We recently reviewed CaseAce’s GearGrip LCD shield harness used for hauling around your LCD monitor around, but what about hauling your PC itself? Well, CaseAce has got a solution for that as well with their GearGrip Pro computer harness.
Depending on what kind of case you have, carrying your PC can be almost as bad as lugging your monitor with you to your favorite frag fest. The GearGrip Pro is designed to make that a little easier and help you organize the rest of your LAN gear as well.
In the not so distant past I’d considered all sorts of schemes to make my PC easier to carry such as bolting handles onto it and I even considered adding backpack straps at one point! Compared to some of those ideas, the GearGrip Pro is rather elegant in it’s simplicity. It’s one of those things you see and ask yourself “why didn’t I think of that!”. Some of you may even have thought of of something of the sort but didn’t have the wherewithal and resources to actually do it. Thankfully CaseAce did.
Description and Specs
The GearGrip Pro computer harness comes in a pretty simple retail pack consisting of a plastic bag and cardboard tab providing product ID and information. Come on, it’s a carry harness what more do you need?
The GearGrip Pro is a sturdily constructed black nylon harness with mesh side pockets for storing your extra gear like mouse, mousepad, power cable etc. As I mentioned in my previous review of the GearGrip LCD, CaseAce does a great job of using quality materials. The wide web straps and heavy buckles should hold your rig securely while the nicely molded rubber grip and shoulder strap make it comfortable and easy to carry around and get in and out of the car.
Here’s a look at the factory specs on the GearGrip Pro:
- Standard size fits cases up to 52″ (132 cm) in circumference. (Most desktop, mini and mid-tower cases)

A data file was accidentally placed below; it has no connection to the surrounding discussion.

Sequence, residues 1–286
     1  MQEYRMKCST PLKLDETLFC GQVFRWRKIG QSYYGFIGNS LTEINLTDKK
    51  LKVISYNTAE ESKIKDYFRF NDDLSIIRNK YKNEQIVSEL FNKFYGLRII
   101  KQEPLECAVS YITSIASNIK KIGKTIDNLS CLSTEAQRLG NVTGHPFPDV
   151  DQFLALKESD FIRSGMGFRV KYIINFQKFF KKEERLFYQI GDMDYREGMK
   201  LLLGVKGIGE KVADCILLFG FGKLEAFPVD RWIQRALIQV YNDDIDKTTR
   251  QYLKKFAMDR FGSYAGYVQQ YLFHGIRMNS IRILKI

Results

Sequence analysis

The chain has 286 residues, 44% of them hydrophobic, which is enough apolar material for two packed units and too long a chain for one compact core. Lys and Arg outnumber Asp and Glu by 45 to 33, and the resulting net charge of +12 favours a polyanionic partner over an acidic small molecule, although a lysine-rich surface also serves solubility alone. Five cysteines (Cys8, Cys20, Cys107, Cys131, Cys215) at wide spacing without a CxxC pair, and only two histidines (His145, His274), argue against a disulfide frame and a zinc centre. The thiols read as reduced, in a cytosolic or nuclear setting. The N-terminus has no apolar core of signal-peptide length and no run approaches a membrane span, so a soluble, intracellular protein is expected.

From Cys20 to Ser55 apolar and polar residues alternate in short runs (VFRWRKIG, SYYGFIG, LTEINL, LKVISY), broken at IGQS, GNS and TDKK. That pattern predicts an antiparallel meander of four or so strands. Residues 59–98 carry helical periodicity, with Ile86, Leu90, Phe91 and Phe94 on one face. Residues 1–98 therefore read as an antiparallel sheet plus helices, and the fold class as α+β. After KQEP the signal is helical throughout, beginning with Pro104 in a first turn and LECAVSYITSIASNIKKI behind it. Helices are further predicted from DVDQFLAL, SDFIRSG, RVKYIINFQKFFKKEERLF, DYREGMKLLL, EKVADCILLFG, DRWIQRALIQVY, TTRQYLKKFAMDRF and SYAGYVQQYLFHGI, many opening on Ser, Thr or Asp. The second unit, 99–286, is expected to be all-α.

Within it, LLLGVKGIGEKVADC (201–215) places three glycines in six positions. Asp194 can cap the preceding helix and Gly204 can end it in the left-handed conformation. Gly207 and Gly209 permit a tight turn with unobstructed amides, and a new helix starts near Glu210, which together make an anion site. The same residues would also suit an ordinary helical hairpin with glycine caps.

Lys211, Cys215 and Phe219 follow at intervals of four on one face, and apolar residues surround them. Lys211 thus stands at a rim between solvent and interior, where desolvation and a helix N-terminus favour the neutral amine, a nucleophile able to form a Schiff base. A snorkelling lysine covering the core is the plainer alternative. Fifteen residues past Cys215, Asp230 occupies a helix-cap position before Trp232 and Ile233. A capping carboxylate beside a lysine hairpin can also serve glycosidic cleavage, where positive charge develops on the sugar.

- Large size fits cases up to 70″ (178 cm) in circumference (full-tower cases)
- Case must be at least 13″
(33 cm) deep
- Carrying capacity up to 70 lbs (32 kg).
- Color: Black
Testing and Comments
Any sort of testing on a product like this is going to be somewhat subjective but the first step is actually pulling it out of the package and hooking it up! CaseAce gives you an instruction sheet with the GearGrip Pro but it’s really pretty self explanatory. The easiest way to hook this contraption up seems to be to lay the straps out flat on the floor and place you PC on top of them. From there just bring the rubber grip up and center it on the top of your case and then snug up and snap the buckles on the side of the case. Making sure the straps are tight is critical because that’s the main thing keeping your case from sliding forward out of the restraints provided by the GearGrip. CaseAce recommends “gently lifting” your PC to make sure the harness is properly attached and then retightening the straps after doing this a few times to be sure they’re snug. I got a bit lucky in this regard as my old case has feet on the bottom that provided a stop for the harness straps that kept them from being able to slide forward or backwards off of the case.